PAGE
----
United Hospital Fund (New York, NY)
United Hospital Fund (UHF) announced seven grants, totaling $662,642, for projects to build a more effective health care system for every New Yorker. Details on the grants are included below.
Patient-Reported Outcomes in Primary Care Initiative ($149,322 over 18 months)—Northwell Health ($50,000), The Institute for Family Health ($49,978), and Montefiore Health System ($49,344) to advance the use of Patient-Reported Outcomes Measures as a vehicle for prioritizing the patient voice in the delivery of high-quality primary care in New York.
Greater New York Hospital Association ($130,000 over one year) to continue the partnership of UHF and Greater New York Hospital Association to enhance the quality of care within health systems across the New York region, with a focus on building clinical leadership through a fellowship program and promoting the appropriate use of antibiotics.
Montefiore Medical Center ($188,320 over two years) to pilot-test a new framework for integrating behavioral health care services in primary care in four primary care medical practices in New York City.
New York University School of Medicine ($135,000 over two years) to develop a homelessness risk screening tool for use in emergency departments (EDs), protocols for future ED-based homelessness prevention interventions, and a Social Determinants of Health Registry that will link patient survey information with hospital utilization data.
Legal Action Center ($60,000 over one year) to publish two guides to policies and practices that best engage and retain individuals involved in the criminal justice system in effective health care.
Contact: Mary Johnson
Stavros Niarchos Foundation (Athens, Greece)
The Stavros Niarchos Foundation (SNF) celebrates its 20th anniversary, fulfilling the original purpose of its establishment: to contribute, with all the means at its disposal, to the improvement of the lives of those less privileged and to support organizations and projects that are expected to achieve a broad, lasting, and positive impact for society at large. The SNF’s philanthropic activity has spread across 111 countries, with particular emphasis on Greece.
Since the commencement of its activities in 1996, the SNF has made grant commitments of $1.9 billion through 3,646 grants to nonprofit organizations across the world. Specifically, during the last 20 years, the SNF has committed the following, in total:
- Arts and Culture: 752 grants with the key strategic objective of broadening public access to the Arts, promoting Greek art and culture worldwide, encouraging creative partnerships between institutions, organizations, and artists on a national and global level, as well as strengthening the social role of cultural organizations.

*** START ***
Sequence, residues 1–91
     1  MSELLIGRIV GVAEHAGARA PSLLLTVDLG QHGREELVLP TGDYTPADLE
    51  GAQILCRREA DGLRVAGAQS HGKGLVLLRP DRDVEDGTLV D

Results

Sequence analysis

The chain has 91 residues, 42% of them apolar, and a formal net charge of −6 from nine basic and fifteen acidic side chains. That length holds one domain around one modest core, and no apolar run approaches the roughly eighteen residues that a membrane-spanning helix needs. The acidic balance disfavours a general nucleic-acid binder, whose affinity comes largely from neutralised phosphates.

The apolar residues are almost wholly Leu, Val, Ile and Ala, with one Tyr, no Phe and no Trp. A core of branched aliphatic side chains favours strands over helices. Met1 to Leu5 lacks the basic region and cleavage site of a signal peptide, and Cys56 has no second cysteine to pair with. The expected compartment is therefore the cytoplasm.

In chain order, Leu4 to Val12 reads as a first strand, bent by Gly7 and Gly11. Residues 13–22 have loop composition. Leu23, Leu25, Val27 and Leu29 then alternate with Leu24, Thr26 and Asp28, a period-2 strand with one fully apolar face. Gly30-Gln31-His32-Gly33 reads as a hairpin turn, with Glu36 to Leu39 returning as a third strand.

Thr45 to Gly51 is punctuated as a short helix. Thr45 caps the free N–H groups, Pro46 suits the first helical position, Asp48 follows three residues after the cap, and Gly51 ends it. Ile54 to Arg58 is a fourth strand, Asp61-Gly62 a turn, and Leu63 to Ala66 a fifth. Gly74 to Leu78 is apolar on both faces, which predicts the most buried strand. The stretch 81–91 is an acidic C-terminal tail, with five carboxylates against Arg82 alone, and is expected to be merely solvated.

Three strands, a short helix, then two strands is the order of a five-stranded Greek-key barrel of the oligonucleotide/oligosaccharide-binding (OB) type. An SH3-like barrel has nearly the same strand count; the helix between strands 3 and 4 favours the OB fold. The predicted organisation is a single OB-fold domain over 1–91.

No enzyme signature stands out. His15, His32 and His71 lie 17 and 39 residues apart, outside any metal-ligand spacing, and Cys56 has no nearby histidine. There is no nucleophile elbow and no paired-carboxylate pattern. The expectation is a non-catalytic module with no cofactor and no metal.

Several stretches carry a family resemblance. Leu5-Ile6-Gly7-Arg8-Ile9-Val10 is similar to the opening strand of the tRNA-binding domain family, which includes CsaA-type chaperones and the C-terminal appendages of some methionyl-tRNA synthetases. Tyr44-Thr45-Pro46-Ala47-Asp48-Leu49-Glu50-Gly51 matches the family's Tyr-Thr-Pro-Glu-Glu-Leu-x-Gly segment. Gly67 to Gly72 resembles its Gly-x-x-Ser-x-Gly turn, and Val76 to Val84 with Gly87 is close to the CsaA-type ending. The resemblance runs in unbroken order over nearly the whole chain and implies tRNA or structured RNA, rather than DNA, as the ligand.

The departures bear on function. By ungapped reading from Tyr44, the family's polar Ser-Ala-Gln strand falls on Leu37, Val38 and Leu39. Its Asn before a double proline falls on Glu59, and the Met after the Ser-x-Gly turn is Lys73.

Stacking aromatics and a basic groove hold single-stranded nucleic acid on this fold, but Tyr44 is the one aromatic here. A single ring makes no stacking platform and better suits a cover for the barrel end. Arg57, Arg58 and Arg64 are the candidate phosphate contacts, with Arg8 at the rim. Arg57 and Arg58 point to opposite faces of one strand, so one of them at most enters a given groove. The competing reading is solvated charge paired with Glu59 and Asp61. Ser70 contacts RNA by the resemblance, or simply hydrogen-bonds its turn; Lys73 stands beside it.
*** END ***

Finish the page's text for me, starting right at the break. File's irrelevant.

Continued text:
- Education: 1,107 grants supporting the implementation of innovative educational programs, the establishment of new, innovative education centers in Greece and abroad, and the creation of significant capacity building opportunities for the benefit of numerous social groups.
- Health and Sports: 672 grants which aim to improve the quality of life of society as a whole, while simultaneously helping to widen accessibility to comprehensive health care services for all.
- Social Welfare: 1,115 grants focusing on the needs of the most vulnerable groups.
Initiatives: Against the Greek Crisis and Recharging the Youth
As part of the Grants against the Greek Crisis, the SNF has made 494 grants in order to address the effects of the crisis. The purpose of this initiative is twofold: contributing to the immediate relief of those impacted more severely from the crisis and creating those necessary conditions which will ensure long-term benefits. The majority of grants support the development, adaptation, and expansion of existing social programs and the operation of grantee organizations. Additional grants were made for the purchasing of equipment or vehicles, as well as the construction and renovation of social structures.
As part of the Recharging the Youth Initiative, the SNF has made 57 grants focusing on programs aimed at the development of entrepreneurship, the creation of skills, as well as education, while it continues to develop and assess programs—in collaboration with various local and international partners—which have the potential to provide a boost in youth employment.
Contact: Melissa Goldberg
Phone: 212.576.2700 x271
Paso Del Norte Health (El Paso, TX)